IM: Previously Metso has talked about the development of a bulk sorting solution: do these ‘AI-powered Ore Sorting Solutions’ fit into that category, or are they more particle sorting solutions?

EH: Bulk ore sorting enables material selection at high throughput flows and particle technology is limited by capacity while bringing the benefit of high accuracy on selectivity.

RK: Bulk sorting is in its early stages in industry and no single sensor can determine minerals content across all ore types and mine sites. This is where AI algorithms play a significant role in ‘self-learning’ ore characteristics, mine site by mine site. It also provides great opportunities to do sensor fusion and more accurately determine the minerals content based on outputs from various sensors and sensor types. AI augments our expert’s tacit knowledge and provides a more reliable way over time to analyse big data generated from online mineral analysis.

IM: Where in the flowsheet do you envisage these solutions going?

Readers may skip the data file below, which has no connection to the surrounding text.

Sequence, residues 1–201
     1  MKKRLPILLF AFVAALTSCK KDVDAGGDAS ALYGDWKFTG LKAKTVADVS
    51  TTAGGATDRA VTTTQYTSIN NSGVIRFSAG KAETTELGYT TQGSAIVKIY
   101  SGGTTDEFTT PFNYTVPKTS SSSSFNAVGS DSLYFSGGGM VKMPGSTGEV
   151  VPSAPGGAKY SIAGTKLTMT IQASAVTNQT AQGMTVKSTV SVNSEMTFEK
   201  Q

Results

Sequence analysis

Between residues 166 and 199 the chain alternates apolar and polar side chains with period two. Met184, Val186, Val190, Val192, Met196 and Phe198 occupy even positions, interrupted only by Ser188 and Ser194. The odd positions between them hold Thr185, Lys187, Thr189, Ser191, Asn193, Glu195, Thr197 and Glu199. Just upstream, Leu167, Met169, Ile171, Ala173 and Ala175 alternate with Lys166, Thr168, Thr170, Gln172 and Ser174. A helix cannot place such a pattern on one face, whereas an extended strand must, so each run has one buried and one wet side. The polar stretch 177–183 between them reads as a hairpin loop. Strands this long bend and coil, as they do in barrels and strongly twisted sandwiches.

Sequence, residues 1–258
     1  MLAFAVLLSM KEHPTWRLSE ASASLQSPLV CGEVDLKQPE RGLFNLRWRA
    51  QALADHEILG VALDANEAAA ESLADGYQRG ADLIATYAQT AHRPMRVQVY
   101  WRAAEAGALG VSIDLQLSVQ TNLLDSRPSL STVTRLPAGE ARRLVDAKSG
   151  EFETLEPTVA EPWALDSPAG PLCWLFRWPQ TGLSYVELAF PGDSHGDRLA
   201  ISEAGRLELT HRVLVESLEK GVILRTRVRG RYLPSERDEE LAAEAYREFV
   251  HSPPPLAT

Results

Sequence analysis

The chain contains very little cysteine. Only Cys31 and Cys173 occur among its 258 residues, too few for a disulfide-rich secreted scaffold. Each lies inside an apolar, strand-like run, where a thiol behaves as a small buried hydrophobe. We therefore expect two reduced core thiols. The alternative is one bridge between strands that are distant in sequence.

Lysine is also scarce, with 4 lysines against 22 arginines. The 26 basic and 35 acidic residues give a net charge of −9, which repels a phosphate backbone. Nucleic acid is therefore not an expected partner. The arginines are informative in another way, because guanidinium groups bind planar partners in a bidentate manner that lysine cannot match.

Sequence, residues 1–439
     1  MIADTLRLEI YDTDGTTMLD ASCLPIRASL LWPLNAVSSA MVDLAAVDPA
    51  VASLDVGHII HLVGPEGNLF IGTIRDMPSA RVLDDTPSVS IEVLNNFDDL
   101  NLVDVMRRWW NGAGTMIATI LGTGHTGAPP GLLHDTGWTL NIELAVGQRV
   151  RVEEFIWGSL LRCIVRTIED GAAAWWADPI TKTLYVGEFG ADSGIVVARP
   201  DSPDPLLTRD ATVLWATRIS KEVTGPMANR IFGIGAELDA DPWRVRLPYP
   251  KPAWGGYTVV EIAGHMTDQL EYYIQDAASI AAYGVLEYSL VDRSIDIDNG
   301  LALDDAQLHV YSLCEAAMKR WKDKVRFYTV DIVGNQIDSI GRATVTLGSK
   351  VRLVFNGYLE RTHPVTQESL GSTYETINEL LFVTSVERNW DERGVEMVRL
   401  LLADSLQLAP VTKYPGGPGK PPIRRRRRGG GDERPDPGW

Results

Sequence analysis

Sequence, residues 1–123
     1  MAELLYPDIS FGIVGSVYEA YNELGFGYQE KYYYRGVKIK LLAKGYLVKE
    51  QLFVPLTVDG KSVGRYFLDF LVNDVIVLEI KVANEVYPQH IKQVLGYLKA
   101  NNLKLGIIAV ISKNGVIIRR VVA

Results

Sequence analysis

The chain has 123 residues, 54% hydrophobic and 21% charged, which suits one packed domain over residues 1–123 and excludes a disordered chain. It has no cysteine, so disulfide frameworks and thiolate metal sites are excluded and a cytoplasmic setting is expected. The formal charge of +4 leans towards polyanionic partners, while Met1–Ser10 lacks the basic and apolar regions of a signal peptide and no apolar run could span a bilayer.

EH: The earlier we can remove the gangue from the flow stream, the better our energy efficiency will be by reducing the volume of waste material that is processed by downstream equipment. Deposits in advanced development allow for in-pit backfill bulk ore sorters that may be deployed behind mobile in-pit crushers, or before the coarse ore stockpile where backfilling is not an option. There are several pre-concentration technologies that can be applied at each stage of mineral processing and the ideal operation should combine those tools to remove the liberated gangue at multiple stages of the processing plant in order to achieve the most sustainable process (ie bulk/particle ore sorting, selective breakage, coarse flotation).